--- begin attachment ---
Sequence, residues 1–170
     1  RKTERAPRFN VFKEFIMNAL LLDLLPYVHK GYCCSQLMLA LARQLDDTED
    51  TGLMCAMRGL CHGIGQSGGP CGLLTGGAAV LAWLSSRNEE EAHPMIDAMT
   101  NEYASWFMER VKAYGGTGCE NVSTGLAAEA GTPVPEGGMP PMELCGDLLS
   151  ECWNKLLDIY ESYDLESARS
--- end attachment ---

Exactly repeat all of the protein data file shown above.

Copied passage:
Sequence, residues 1–170
     1  RKTERAPRFN VFKEFIMNAL LLDLLPYVHK GYCCSQLMLA LARQLDDTED
    51  TGLMCAMRGL CHGIGQSGGP CGLLTGGAAV LAWLSSRNEE EAHPMIDAMT
   101  NEYASWFMER VKAYGGTGCE NVSTGLAAEA GTPVPEGGMP PMELCGDLLS
   151  ECWNKLLDIY ESYDLESARS